[FOM] Relevance of reverse mathematics to constructivity

Daniel Méhkeri dmehkeri at yahoo.ca
Mon Mar 22 23:25:35 EDT 2010

William Tait wrote:

> forall x in N exists y in N P(x,y) 
> yields only an operation F  which applied to a set x _and a proof p 
> that s is a finite von Neumann ordinal_  yields a y=F(x, p) in N 
> such that P(x,y).  AC_{00} as you formulate it looses the parameter p.
> I expect that you were aware of this. But what I want to point out is 
> that your example is not an example of a difference in conception of 
> what is constructive. I venture the opinion that all constructivists
> would agree that  AC_{00} is constructive when N is taken in the
> primitive sense and that it is not when it is taken to be the set of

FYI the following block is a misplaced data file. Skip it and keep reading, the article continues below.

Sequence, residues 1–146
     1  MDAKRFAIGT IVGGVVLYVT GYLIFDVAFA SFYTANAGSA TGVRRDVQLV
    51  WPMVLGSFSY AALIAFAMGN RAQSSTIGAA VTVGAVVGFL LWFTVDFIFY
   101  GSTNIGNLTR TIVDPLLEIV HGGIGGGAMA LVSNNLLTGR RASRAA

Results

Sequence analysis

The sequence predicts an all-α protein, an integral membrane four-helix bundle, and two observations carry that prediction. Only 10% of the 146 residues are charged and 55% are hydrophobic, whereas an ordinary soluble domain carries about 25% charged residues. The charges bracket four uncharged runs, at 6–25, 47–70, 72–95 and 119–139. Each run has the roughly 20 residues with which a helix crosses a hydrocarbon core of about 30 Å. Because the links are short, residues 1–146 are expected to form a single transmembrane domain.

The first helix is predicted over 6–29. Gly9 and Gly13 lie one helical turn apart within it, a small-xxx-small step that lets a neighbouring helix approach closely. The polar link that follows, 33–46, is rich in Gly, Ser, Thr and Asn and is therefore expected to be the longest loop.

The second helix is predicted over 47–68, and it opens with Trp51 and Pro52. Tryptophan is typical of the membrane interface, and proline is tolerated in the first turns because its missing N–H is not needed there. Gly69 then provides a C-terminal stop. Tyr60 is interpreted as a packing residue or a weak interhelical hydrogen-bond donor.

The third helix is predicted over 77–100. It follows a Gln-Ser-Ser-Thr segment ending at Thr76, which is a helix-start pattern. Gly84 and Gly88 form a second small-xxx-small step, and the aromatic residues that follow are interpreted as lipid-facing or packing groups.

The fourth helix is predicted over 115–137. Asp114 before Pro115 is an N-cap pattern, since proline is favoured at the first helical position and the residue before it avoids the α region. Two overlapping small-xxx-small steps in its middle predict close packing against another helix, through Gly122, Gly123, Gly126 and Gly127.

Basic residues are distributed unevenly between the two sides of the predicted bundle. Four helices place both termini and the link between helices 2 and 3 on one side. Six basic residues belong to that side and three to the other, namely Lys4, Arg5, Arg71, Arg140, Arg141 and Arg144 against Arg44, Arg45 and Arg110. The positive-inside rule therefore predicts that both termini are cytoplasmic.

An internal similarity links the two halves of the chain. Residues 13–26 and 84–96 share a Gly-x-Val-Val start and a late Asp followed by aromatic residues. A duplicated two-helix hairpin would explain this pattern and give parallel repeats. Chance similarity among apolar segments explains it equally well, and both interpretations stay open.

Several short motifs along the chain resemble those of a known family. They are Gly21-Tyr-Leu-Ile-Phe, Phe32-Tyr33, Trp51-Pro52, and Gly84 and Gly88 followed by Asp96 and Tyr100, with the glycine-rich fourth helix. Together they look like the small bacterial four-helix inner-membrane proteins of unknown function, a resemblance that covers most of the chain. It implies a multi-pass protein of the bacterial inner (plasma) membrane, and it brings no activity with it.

> finite von Neumann ordinals.

I think many constructivists will not agree.

The distinction between the primitive N and the set-theoretic ordinal 
omega isn't very relevant under many interpretations of constructive 
set theory, including the standard type-theoretic interpretation of CZF 
due to Aczel, under which Dependent Choices is also a theorem.

My one-line explanation would be that for any member of set-theoretic omega, there is a "canonical witness" that it is a member, so the witness can be safely "lost". I can make this more precise, or I can refer to Aczel: _The type-theoretic interpretation of constructive set theory: choice principles_.



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